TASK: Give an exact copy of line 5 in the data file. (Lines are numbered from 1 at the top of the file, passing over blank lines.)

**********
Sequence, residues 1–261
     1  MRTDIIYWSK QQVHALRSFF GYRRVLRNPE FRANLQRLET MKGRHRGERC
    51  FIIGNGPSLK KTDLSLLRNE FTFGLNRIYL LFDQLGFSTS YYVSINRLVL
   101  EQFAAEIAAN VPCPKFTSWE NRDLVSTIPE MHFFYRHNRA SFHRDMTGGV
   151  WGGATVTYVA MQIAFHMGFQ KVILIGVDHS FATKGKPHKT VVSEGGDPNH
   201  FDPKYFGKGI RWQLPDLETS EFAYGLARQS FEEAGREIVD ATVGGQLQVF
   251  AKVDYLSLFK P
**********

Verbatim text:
   151  WGGATVTYVA MQIAFHMGFQ KVILIGVDHS FATKGKPHKT VVSEGGDPNH